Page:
Ford recalls Kuga - except it was destroyed by fire years ago

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Ford recalls Kuga - except it was destroyed by fire years ago

Durban man who now drives a Toyota is mightily puzzled by a recall notice to have his clutch fixed

Journalist


Durban motorist and former Ford Kuga owner Nivesh Sewpersadh is very puzzled and at a loss for words.
When his luxury SUV was destroyed in a blaze caused by a cooling system design flaw in December 2016, he tried to get help from the global car manufacturer, but to no avail, he claims. But it turns out they knew where to find him after all, judging by the notice he received to bring in his Kuga “to have the clutch checked out”.
At the time of the incident on December 17 2016, Sewpersadh was on his way to the dealership in Pinetown after the warning lights came on. He then noticed smoke billowing from the exhaust, and flames from the engine licking at the windscreen.
Initially, he claims, he was moved from pillar to post, eventually handing over the matter and the wreck of his car to his insurers when he decided to walk away from the saga.
For 18 months he has been driving a Toyota Rav, making a clean break with a brand and model that has caused countless headaches for Kuga owners.
When Sewpersadh handed over the wreck to his insurers he was under the impression he would never have to deal with Ford again. But this proved to not be the case when a letter from Ford arrived last week, asking him to bring in his destroyed car in yet another safety recall because of a clutch problem.
It’s the fourth Kuga safety recall in just over a year.
The recall, which is global, is for a critical clutch problem where the clutch pressure plate cracks and fractures, damaging the gearbox and causing fluids to leak onto the exhaust system.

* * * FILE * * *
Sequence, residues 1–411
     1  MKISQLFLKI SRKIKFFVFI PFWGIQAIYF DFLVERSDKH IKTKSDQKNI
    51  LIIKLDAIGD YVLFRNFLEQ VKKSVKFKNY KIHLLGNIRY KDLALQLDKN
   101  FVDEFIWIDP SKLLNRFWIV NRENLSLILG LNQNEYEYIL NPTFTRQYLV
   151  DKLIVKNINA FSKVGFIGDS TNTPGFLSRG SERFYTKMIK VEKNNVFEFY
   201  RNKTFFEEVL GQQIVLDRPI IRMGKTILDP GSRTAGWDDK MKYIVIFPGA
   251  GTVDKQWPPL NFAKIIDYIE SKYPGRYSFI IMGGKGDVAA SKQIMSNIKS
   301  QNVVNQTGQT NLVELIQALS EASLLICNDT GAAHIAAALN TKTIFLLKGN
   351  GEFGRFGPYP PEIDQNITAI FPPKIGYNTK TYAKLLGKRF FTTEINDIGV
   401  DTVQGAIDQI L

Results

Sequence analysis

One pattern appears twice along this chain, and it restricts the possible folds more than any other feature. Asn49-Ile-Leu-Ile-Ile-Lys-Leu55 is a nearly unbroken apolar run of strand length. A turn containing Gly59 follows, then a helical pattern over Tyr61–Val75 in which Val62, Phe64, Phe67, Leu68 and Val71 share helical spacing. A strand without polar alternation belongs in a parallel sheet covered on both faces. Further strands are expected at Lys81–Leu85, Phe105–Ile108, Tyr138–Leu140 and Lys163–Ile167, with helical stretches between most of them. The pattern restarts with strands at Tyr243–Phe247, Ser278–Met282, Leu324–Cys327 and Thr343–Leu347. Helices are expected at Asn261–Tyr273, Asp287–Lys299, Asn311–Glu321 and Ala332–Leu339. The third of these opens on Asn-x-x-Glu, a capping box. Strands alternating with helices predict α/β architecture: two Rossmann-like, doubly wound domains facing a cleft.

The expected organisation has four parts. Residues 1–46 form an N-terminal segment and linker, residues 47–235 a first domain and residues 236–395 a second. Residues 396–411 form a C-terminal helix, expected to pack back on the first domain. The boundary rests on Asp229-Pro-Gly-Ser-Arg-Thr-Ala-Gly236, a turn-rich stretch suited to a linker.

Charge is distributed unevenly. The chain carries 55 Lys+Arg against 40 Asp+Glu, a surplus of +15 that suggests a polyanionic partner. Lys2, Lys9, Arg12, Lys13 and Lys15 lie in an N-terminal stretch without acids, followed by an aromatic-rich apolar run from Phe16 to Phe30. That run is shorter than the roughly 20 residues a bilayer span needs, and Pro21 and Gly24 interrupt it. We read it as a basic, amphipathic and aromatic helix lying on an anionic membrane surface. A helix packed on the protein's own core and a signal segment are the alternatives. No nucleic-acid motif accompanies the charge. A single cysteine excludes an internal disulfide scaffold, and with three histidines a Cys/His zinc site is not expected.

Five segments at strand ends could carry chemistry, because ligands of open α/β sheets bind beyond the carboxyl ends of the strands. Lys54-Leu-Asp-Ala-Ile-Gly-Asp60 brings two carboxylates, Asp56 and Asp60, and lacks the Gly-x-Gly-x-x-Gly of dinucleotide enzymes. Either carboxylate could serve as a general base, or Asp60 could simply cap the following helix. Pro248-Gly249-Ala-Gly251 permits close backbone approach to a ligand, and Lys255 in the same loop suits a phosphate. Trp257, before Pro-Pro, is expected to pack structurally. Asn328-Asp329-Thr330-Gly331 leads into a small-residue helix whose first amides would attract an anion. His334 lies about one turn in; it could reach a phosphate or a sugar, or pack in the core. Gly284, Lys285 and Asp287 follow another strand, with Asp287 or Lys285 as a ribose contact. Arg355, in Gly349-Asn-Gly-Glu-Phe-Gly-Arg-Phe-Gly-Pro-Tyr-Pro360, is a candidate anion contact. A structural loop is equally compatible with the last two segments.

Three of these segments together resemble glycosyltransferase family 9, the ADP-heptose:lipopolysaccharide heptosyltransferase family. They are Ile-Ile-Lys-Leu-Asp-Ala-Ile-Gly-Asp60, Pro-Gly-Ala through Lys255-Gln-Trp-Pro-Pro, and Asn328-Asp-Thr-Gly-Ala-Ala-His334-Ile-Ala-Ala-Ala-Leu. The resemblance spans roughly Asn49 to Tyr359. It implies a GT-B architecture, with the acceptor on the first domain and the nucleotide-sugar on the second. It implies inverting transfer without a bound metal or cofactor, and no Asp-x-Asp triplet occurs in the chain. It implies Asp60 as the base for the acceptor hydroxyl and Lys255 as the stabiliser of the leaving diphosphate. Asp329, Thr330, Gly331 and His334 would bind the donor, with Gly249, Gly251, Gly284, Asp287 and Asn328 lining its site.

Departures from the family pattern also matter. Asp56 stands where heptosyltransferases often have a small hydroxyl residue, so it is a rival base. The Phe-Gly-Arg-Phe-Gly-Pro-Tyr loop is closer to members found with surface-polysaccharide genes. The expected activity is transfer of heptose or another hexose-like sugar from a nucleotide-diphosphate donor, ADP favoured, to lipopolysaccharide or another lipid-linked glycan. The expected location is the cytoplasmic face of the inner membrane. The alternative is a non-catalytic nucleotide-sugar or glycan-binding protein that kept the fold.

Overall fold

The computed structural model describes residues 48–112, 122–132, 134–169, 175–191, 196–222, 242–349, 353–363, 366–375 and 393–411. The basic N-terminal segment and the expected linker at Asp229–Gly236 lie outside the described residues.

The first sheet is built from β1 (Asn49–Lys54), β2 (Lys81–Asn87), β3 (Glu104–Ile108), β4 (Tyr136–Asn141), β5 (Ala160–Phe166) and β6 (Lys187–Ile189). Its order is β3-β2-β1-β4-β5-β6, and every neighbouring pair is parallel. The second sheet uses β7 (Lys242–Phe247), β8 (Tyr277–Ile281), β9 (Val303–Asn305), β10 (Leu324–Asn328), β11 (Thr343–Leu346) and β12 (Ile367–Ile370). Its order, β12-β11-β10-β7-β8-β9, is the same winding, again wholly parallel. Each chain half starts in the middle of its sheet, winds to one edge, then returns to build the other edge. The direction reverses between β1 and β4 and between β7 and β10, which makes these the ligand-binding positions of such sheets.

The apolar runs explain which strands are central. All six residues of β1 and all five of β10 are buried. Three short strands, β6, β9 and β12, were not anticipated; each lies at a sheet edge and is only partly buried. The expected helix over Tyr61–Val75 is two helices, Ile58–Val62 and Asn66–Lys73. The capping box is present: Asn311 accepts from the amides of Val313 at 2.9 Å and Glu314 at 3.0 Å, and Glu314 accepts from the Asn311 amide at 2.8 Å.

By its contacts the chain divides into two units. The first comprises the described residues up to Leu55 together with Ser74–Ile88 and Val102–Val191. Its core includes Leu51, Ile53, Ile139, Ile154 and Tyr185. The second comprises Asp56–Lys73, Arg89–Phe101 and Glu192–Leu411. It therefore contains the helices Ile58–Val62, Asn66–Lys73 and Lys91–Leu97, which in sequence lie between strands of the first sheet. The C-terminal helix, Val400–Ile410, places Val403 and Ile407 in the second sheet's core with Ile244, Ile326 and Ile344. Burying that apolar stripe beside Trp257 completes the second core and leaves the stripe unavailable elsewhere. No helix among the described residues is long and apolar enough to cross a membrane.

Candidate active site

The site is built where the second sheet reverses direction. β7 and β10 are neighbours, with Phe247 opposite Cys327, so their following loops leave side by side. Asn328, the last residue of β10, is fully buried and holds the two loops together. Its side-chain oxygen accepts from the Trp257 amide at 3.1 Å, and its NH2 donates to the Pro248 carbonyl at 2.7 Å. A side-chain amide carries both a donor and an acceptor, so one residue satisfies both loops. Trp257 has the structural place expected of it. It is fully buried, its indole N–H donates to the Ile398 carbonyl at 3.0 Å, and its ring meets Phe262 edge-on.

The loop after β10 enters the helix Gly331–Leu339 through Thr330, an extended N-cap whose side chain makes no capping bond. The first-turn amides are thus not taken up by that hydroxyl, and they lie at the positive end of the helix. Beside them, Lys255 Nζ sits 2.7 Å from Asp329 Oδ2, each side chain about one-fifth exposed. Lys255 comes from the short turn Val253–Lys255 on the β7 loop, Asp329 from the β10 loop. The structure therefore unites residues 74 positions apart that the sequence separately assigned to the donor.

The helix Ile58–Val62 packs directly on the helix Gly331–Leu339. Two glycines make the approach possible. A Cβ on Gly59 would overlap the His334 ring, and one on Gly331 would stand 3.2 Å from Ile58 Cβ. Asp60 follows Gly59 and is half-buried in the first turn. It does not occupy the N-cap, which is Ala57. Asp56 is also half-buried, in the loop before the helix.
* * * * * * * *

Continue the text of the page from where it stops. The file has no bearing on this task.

The problem, according to the recall notice, may cause the clutch assembly to overheat as a result of excessive clutch slippage, resulting in abnormal noise, odour, smoke and/or engine speed flare accompanied by a loss of power and potential damage to the transmission assembly.
“Damage to the transmission assembly could allow transmission fluid to leak onto the exhaust, which increases the risk of a fire,” the notice says.
The problem can be fixed with a “software calibration remedy that will detect excessive clutch slippage”.
Sewpersadh said the notice left him puzzled.
“In this day and age I cannot understand why Ford would post a letter about a safety recall, which seems pretty serious, to a customer. If you look at the date of the letter, it was posted to me at the beginning of July. It only reached me nearly eight weeks later. I hate to think what would have happened if I still had the car and the clutch failed while I was driving it.
“The second issue I have with Ford is over their record keeping. Given all the e-mails and telephone conversations I had with the company over my car, and the fact that I informed them that the vehicle was completely destroyed in the fire, you would expect them to have all of this information, or reference to it, on their books or database. You would think they would know that my car no longer exists.